|From:||Edward Heil <edheil@...>|
|Date:||Monday, March 8, 1999, 16:56|
>T'aint gobbledygook! See Robert Hetzron, Ed. 1997: The SemiticLanguages,
>Routlege Press, chapter 10: Phoenician and the Eastern CanaaniteLanguages,
>by Stanislav Stegert.
>p. 174 "The Roman playwright Plautus inserted a Punic conversation, in
>Latin script, in his play "Poenulus" (about 200 BCE)." Segert then usesthe
>conversation and words from it in his analysis of Phoenician, showing
>clearly that while the transliteration was shaky, the conversation wasreal
>Canaanite. This is a real, respectable publication, by the by - nocranks
I'll believe it when I get a chance to compare it with the Welsh version
and see if there is any difference in the credibility of their
reconstructions, setting aside the question of the *inherent*
credibility of a Semitic vs. Celtic origin for Phoenician. :)
I'm sure your sources are probably right but why let the facts get in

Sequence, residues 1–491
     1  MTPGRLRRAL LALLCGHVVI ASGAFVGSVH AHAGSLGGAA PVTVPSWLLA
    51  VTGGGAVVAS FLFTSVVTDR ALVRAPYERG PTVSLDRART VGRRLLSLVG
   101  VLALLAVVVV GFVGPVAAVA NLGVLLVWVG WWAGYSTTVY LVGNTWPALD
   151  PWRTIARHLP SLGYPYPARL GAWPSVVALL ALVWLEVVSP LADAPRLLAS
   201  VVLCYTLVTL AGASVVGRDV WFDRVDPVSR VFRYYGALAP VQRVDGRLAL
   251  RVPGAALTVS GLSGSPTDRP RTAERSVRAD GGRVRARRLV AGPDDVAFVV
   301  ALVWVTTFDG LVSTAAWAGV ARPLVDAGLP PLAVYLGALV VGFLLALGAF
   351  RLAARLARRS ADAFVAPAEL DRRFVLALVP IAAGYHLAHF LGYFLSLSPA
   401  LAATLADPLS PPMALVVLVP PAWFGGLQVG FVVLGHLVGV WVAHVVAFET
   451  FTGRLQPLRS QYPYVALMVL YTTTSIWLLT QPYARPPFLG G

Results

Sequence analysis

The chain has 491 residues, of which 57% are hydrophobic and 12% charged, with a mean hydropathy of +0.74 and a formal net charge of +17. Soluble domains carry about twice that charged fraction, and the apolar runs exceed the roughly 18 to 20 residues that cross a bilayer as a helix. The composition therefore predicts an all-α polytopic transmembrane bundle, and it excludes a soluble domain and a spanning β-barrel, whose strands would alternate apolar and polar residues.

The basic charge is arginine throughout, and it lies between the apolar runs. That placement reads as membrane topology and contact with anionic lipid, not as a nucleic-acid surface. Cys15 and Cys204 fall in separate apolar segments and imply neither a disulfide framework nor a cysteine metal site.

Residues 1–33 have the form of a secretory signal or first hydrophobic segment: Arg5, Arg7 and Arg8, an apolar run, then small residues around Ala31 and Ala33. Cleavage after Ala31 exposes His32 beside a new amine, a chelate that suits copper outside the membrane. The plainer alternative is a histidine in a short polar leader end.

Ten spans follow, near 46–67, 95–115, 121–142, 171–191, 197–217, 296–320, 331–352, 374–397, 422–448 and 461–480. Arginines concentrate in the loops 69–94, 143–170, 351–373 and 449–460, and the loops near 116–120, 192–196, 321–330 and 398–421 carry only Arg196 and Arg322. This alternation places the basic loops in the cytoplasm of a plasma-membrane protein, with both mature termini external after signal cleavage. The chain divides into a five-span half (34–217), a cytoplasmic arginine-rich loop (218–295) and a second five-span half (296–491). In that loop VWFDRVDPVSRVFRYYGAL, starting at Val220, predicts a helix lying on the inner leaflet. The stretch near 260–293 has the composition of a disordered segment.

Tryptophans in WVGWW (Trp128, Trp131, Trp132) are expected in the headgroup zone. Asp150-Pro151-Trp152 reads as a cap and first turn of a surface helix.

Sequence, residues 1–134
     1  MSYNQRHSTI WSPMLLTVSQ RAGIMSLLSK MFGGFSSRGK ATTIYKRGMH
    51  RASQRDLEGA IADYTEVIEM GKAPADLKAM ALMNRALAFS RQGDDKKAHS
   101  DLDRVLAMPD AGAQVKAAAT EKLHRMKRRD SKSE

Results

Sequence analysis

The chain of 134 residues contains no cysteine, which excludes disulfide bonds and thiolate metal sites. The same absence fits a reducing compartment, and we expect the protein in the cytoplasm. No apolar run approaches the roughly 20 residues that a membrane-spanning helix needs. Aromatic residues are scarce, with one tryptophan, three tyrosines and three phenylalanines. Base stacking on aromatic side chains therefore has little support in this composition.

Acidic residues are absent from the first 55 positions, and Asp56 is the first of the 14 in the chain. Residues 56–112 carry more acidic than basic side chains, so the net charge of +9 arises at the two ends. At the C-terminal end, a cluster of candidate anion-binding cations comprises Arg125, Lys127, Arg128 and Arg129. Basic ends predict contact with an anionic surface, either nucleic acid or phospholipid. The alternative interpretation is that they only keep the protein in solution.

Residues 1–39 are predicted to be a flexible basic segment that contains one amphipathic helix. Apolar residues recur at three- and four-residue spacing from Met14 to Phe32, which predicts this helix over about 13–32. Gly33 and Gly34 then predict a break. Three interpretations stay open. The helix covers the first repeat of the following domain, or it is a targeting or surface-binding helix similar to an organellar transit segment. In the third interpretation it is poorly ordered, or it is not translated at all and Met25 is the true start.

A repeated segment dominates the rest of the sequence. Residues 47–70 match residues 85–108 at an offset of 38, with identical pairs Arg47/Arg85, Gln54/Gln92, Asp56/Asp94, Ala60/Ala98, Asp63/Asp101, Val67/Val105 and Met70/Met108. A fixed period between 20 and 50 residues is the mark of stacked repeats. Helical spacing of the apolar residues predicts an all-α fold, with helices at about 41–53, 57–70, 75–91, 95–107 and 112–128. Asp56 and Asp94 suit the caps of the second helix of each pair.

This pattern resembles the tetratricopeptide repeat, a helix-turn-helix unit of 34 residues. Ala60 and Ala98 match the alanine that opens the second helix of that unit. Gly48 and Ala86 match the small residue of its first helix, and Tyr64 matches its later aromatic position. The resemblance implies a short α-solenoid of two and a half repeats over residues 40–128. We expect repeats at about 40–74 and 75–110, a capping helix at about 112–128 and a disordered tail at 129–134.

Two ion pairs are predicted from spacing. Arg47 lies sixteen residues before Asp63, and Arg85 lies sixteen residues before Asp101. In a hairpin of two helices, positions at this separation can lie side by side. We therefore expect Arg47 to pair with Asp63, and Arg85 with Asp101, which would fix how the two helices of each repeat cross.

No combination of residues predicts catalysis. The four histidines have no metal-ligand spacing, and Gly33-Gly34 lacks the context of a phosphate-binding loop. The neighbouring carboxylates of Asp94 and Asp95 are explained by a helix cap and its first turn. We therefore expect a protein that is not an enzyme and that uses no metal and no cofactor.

the way of a good story?
Incidentally, when we performed the play, at the point where the
Phoenician speeches came up, our audience (consisting of high school
latin students) was almost completely bored, since they could barely
comprehend any of the Latin, much less Phoenician. So we decided to
render the Phoenician as *English*, which would be just as
incomprehensible to the Latin speaking characters as Phoenician was!
The audience got to watch as the characters completely failed to
understand the one part of the play that they really *did* understand.
It was kind of trippy.
Get Your Private, Free Email at http://www.hotmail.com